One of the things I like about the English language is the number of words that have multiple meanings. Take the word hysterical. It can be used to describe someone who is reacting irrationally, with an extreme excess of emotion. As in, for example, all the stock traders who heard that AT&T had activated only 146,000 iPhones in the last two days of its fiscal quarter, concluded that iPhone sales must be far below expectations, and beat Apple's stock down 6% in a single day (link).
Then the next day Apple releases its own quarterly report, and it turns out the company sold 270,000 iPhones in the same period. This is leading to all sorts of convoluted explanations for why the numbers from AT&T and Apple don't match (link).
So now everybody says that it was all a misunderstanding and the iPhone is actually selling great, but there's another aspect to the story. None of the US mobile operators are very good at tracking what has sold through their retail stores. Unlike a consumer electronics chain, they do not keep tight track of their inventory because they care a lot more about selling service plans than they do about selling hardware. So although I'm sure Apple knows exactly how many iPhones it shipped to AT&T, I doubt anyone knows exactly how many actually sold through to users.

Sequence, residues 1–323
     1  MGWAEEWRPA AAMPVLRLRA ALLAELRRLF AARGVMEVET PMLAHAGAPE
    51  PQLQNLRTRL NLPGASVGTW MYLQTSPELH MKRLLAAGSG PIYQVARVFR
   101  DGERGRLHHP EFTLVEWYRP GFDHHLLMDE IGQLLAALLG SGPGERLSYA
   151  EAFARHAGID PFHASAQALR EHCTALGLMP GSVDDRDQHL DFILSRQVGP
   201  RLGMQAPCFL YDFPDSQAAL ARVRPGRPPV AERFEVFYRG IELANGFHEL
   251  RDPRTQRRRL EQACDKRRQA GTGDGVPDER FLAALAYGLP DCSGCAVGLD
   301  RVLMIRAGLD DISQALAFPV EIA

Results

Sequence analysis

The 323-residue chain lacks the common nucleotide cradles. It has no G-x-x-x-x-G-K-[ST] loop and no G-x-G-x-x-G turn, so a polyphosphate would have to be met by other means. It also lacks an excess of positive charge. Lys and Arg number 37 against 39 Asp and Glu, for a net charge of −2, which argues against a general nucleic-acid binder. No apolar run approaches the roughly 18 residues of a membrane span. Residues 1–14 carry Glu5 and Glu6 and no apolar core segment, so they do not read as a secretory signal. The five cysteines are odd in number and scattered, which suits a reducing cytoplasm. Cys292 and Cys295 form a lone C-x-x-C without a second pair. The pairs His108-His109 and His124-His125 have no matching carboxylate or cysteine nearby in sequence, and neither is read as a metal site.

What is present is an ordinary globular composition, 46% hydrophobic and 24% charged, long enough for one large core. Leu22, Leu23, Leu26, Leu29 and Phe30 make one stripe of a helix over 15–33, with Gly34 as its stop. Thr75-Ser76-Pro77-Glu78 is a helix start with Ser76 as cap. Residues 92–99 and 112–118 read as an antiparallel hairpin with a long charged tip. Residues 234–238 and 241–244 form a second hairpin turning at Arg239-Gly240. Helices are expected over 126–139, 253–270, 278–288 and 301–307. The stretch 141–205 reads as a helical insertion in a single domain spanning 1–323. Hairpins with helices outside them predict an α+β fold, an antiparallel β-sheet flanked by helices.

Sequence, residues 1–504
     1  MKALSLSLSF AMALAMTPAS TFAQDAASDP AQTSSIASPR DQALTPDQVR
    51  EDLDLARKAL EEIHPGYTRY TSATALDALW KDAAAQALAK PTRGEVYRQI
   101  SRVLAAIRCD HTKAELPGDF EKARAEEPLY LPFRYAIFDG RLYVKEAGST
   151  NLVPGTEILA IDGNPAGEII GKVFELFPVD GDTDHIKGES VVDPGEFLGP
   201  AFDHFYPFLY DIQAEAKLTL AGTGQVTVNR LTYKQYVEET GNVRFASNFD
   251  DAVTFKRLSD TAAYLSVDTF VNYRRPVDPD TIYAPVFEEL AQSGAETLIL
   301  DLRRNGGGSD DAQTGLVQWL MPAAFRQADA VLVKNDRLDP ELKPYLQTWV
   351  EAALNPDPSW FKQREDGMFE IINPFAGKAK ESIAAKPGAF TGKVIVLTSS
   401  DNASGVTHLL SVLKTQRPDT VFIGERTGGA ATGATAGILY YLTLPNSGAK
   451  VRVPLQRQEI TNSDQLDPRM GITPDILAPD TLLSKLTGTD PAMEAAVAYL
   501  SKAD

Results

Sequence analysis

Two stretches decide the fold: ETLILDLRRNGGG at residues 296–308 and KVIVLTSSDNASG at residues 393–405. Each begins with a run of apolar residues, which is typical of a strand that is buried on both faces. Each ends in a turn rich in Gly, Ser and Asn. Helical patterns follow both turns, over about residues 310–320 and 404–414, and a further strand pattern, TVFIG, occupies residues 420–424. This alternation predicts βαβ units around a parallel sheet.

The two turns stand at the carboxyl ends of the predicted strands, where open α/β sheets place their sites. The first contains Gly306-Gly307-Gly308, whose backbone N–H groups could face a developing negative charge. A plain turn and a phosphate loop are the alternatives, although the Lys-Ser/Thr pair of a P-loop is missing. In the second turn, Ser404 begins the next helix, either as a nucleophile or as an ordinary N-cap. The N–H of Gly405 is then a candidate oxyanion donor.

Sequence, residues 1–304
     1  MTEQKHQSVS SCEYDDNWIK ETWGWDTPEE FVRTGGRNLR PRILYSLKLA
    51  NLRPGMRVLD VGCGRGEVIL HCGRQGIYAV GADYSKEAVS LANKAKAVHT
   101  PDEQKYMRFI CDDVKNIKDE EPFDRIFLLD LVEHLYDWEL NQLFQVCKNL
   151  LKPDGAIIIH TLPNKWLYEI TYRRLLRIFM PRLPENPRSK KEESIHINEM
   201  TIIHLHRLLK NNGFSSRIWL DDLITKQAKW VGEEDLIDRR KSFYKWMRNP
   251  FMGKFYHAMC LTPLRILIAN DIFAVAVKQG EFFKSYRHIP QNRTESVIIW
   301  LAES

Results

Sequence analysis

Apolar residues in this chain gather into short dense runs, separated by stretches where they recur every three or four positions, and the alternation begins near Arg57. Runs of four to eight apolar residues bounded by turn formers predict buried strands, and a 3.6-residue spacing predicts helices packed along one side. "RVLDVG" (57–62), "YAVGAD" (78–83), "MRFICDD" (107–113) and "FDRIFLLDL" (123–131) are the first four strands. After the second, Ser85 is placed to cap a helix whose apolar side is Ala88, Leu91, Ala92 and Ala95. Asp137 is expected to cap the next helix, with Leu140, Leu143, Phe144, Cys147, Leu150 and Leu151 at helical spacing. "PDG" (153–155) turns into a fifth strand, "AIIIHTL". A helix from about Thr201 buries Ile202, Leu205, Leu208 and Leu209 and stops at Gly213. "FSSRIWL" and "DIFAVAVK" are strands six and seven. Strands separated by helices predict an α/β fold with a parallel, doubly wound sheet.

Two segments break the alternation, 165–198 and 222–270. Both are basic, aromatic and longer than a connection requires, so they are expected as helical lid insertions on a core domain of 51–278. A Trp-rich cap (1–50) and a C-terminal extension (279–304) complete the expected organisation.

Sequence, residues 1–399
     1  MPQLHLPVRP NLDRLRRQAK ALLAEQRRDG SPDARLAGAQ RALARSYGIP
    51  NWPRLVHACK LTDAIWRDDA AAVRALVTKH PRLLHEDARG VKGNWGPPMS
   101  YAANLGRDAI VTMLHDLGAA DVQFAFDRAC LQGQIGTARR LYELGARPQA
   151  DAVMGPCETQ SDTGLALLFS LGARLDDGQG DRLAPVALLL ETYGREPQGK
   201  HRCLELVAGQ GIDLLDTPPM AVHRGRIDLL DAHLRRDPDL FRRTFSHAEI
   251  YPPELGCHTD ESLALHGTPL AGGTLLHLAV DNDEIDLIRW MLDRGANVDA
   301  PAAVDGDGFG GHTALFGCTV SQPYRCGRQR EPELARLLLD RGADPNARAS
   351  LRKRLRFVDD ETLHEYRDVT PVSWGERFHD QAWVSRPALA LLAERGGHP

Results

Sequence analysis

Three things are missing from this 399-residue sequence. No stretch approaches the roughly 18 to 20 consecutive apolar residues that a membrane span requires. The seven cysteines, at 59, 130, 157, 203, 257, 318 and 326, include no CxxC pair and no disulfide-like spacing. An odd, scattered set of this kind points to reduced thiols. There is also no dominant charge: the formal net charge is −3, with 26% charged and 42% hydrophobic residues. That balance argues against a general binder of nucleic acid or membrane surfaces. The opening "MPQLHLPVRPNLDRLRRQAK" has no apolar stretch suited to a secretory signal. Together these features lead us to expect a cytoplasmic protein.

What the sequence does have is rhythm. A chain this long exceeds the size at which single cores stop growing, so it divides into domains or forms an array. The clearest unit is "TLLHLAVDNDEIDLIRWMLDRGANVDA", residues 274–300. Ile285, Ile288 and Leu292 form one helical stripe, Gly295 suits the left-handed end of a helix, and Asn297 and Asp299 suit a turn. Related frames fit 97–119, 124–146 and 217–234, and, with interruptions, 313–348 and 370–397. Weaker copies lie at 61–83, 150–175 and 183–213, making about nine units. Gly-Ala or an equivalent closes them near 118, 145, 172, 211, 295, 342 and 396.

Our industry, and those of us who hang out on the web in particular, has a hunger for quick information and snap judgments. Real, high-quality data is slow to gather, and usually too expensive to give away free (link). Often it doesn't exist at all. So we make sweeping conclusions based on anecdotes, and we're far too quick to judge successes and failures.
The bottom line: The iPhone is probably selling well, but lots of phones sell well to enthusiasts in the first month and then fall flat. We won't really know how the iPhone is doing until we have a couple of quarters of sales data to look at. Anyone who tells you otherwise is trying to sell you a stock picking service.
Which brings me to the other definition of hysterical: A situation that is very funny. I think that one applies here as well.